Early American Guitars: The Instruments of C. F. Martin 
Through December 7, 2014 

Christian Frederick Martin, founder of the great American guitar firm C. F. Martin & Co., was the son of a cabinet maker in Markneukirchen, Saxony. Martin learned to build instruments in the style of the famed Johann Georg Stauffer in Vienna. Due to the restrictive guilds in Markneukirchen, Martin moved to the United States in 1833, settling first in New York City then moving later to Nazareth, Pennsylvania. In the United States, Martin encountered the Spanish-style guitar and incorporated elements from that tradition into his own Viennese style of instrument construction. The result was a new and distinctly American form of the guitar, a style that would become important as a basis for other American makers of the instrument. This exhibition includes 35 instruments from the Martin Museum in Nazareth, Pennsylvania, the Metropolitan Museum, and several private collections.
The exhibition is made possible by The Martin Guitar Company.

Fabergé from the Matilda Geddings Gray Foundation Collection
Through November 27, 2016 

When Matilda Geddings Gray acquired her first piece of Fabergé for her niece, in 1933, she was already a wealthy and sophisticated collector, and the name of the Russian artist-jeweler Peter Carl Fabergé (1846–1920) was almost unknown in the United States. Since then, Fabergé’s art has become widely known and his exquisite objects are now internationally sought after. On long-term loan to the Museum, this selection from the Matilda Geddings Gray Foundation collection, one of the finest in the world,  includes objects created for the Russian Imperial family, such as the Lilies-of-the-Valley Basket—the most important Fabergé creation in the United States—and three Imperial Easter Eggs.

Chinese Treasury
Opened May 19, 2014 

This gallery, which recreates the type of collecting and display found in 18th-century treasure cabinets (duobaoge), features some of the Museum’s most precious works of Chinese art including sculptures and vessels of ivory, rhinoceros horn, glass, porcelain, and jade.  Touchpads allow viewers to read introductory texts for all of the objects as well as to explore further by grouping the works of art digitally by material and by themes.

The Costume Institute’s Anna Wintour Costume Center
Opened May 8, 2014

The Costume Institute galleries reopened on May 8 as the Anna Wintour Costume Center after a two-year renovation, reconfiguration, and updating. The 4,200-square-foot main Lizzie and Jonathan Tisch Gallery features a flexible design that lends itself to frequent transformation, as well as a zonal sound system and innovative projection technology. The redesigned space also includes: the Carl and Iris Barrel Apfel Gallery, which orientate visitors to The Costume Institute’s exhibitions and holdings; a state-of-the-art costume conservation laboratory; an expanded study/storage facility that will house the combined holdings of the Met and the Brooklyn Museum Costume Collection (which was transferred to the Met in 2009); and The Irene Lewisohn Costume Reference Library, one of the world’s foremost fashion libraries. The Costume Institute was last refurbished in 1992.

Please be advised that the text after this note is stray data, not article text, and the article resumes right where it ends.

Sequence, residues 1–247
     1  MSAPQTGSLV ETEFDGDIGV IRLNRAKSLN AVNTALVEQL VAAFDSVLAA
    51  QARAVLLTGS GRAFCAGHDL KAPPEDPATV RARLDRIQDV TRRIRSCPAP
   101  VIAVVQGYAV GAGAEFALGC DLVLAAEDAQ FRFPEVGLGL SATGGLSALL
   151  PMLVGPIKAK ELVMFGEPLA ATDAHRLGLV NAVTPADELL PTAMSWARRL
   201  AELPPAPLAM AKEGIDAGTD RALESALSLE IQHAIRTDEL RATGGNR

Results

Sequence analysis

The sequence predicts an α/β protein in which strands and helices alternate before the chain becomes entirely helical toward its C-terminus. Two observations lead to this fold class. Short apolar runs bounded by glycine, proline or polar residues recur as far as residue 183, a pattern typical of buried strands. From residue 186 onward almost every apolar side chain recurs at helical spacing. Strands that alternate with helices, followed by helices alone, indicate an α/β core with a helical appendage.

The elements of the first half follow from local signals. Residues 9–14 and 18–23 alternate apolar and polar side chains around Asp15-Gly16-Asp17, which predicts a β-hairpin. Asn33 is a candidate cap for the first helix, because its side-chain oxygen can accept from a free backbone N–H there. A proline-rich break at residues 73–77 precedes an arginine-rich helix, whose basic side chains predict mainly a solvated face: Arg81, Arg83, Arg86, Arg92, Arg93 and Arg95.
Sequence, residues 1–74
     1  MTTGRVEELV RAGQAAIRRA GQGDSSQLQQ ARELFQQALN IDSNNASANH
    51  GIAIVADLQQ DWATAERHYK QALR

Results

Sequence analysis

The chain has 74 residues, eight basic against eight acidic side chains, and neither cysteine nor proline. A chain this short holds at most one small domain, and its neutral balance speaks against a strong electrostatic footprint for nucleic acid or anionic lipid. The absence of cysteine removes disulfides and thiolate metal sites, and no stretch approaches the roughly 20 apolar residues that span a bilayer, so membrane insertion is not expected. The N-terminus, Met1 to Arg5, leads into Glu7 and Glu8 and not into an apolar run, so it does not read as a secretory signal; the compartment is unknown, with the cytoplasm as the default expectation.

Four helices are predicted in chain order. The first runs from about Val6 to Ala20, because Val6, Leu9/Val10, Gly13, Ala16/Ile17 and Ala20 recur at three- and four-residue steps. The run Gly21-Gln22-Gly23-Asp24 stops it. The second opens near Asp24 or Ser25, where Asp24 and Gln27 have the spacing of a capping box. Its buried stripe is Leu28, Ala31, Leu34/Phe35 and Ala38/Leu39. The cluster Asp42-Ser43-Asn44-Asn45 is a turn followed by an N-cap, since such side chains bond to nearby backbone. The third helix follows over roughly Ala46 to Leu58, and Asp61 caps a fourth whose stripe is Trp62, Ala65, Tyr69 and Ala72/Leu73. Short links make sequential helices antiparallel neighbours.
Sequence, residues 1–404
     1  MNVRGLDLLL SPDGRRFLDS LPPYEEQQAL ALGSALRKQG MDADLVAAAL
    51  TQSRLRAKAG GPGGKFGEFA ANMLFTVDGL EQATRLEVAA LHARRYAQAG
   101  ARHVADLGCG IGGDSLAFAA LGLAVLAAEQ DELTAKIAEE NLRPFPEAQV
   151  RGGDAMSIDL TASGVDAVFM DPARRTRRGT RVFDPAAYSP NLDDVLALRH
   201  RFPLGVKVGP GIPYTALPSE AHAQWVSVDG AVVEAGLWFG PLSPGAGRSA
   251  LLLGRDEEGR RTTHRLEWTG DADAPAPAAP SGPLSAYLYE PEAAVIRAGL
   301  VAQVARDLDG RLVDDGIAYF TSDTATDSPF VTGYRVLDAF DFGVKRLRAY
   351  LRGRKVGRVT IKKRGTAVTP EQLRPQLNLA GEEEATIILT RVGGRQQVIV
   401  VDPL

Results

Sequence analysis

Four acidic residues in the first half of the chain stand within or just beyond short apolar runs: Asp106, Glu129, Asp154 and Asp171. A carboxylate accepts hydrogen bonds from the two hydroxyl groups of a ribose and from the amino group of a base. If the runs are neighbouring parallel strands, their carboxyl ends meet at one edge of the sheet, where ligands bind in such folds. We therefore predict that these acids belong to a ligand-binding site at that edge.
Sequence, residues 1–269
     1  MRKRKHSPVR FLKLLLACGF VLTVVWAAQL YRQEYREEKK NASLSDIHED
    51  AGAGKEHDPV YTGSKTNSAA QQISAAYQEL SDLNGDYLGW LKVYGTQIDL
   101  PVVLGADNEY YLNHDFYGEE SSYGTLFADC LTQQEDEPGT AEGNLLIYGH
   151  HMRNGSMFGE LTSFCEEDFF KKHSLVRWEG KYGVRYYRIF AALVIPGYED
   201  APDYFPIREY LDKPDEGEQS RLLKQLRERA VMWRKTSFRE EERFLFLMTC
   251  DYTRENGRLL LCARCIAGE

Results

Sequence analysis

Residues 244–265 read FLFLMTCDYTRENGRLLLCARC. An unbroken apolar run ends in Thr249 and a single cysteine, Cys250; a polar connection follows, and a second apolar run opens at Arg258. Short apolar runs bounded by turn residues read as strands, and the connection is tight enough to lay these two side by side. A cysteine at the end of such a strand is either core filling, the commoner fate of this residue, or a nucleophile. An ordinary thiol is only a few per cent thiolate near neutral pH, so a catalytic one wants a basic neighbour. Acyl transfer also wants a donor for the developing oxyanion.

New European Paintings Galleries, 1250–1800 
Opened May 23, 2013

The Metropolitan Museum of Art’s galleries for its world-renowned collection of European Old Master paintings from the 13th through the early 19th century reopened in May 2013 after an extensive renovation and reinstallation. This is the first major renovation of the galleries since 1951 and the first major reinstallation of the collection since 1972. Gallery space has increased by almost one third, making it possible to display more than 700 paintings from the collection and giving the entire floor of galleries a grandeur not seen in half a century. The reinstallation also captures historical crosscurrents between countries and contacts between artists by placing them in adjoining rooms. The Metropolitan Museum’s collection of early Netherlandish, Italian, and French paintings is wide-ranging and includes landmark pictures, while its collection of Dutch school paintings must be counted among the finest in the world. As for individual artists, the representation of Rembrandt, Rubens, Vermeer, Poussin, Velázquez, Goya, and David is the strongest in the western hemisphere, and there are individual masterpieces known to every student of art history, such as Bruegel’s The Harvesters and David’s The Death of Socrates. Key works have been cleaned, conserved, or reframed, and important new loans complement the collection.


Ancient Egyptian Queens and Goddesses: Treasures from 
The Metropolitan Museum of Art, New York

Based exclusively on objects from the Museum’s Egyptian art collection, this exhibition highlights the central position of female deities in the ancient Egyptian pantheon and the key roles played by the women of the royal family. Prominent in the exhibition are objects created for Hatshepsut, one of the few ancient Egyptian women to rule as pharaoh. The exhibition was organized by The Metropolitan Museum of Art, New York, in collaboration with The Asahi Shimbun.

Tokyo Metropolitan Art Museum July 19–September 23, 2014 
Kobe City Museum October 13, 2014–January 12, 2015 


October 10, 2014